Something To Sing About
April 23rd, 2005
Music in the halls, the foyers,
the ‘self’ and in the classrooms. That is how music was treated and respected in France. Every student was exposed
to music in French, English, Spanish, German and Portuguese every day just by attending school. In each section of the school
there’d be a different form of music playing. My high school in France had ‘concerts’ bi-weekly that would
show some of our schools amazing talented artists.
Music is such a well-known thing and with new technology
you can take your music virtually anywhere with you. IPods are one of the greatest inventions in recent history, they allow
you to transport 1000-20000 songs, photos and data with you anywhere. And their battery lasts nearly 18 hours. Discman’s
(portable CD players) are still used by many people and same as an iPod, they can go anywhere. You can listen to music while
in a tanning bed, driving down the road, sitting in your room or lounging at the beach.
In Canada we only take music about 3 times a week in
elementary school and learn virtually nothing, besides a few songs. I personally did not learn to read music in school nor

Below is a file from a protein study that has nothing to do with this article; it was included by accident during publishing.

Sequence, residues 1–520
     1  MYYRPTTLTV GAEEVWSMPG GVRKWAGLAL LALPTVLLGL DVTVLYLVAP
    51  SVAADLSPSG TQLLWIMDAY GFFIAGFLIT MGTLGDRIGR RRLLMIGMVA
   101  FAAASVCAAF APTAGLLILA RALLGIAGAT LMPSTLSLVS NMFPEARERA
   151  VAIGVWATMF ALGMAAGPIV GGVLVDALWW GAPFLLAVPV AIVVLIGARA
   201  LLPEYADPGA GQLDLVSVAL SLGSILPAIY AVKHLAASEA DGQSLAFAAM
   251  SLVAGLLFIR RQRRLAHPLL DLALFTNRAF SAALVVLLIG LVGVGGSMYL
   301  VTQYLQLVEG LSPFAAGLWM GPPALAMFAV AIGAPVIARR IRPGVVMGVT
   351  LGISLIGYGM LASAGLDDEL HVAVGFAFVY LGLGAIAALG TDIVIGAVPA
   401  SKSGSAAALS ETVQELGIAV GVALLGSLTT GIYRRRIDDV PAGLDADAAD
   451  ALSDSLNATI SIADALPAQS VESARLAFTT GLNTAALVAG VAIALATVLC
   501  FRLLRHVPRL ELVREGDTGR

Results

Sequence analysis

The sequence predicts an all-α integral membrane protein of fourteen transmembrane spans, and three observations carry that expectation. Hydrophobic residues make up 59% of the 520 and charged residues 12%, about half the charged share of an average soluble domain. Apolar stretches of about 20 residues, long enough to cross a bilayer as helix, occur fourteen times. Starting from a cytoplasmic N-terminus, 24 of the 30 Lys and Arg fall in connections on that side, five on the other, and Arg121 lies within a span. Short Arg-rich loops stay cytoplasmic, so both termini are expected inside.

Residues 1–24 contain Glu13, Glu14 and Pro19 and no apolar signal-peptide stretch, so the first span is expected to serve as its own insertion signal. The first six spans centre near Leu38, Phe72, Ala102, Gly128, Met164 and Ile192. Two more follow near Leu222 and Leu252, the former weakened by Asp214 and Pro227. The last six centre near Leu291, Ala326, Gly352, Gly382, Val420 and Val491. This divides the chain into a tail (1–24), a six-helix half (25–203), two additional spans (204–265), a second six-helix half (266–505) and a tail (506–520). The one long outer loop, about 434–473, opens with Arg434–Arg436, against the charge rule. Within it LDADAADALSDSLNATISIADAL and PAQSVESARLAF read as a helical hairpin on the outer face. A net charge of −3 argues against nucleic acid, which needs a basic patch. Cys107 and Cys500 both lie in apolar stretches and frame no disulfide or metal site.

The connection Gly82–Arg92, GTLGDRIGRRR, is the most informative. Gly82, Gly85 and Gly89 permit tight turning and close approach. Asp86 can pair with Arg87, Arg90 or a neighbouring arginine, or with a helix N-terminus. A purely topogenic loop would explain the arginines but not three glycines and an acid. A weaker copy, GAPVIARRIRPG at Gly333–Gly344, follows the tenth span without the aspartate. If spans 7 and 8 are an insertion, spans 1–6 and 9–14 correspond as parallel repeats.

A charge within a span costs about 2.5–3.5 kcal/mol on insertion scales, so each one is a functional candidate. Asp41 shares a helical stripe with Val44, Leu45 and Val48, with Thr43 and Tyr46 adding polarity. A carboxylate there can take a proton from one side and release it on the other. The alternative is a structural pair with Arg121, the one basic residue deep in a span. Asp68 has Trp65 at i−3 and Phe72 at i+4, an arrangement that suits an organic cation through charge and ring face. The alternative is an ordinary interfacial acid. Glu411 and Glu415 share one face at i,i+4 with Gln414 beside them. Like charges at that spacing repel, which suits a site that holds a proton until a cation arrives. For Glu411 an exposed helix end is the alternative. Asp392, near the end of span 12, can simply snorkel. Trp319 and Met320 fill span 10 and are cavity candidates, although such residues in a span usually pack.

did any of my classmates. If any of us know how so do it, it is because we either took piano, guitar or continued our musical
education in secondary school. I attended Tavistock Public School and in the primary grades the only note we ever needed to
know was ‘a’ because that is the noise the tuning fork made when it was hit against something solid. This really
did not help when it came time for me to pick up my first guitar. I personally believe that children should be exposed to
music at an early age, giving them the opportunity to build knowledge of different genres and how to play music. As well as
in high school teens should have more options as to which instrument they want to play.
Remember to rock out and listen to the music.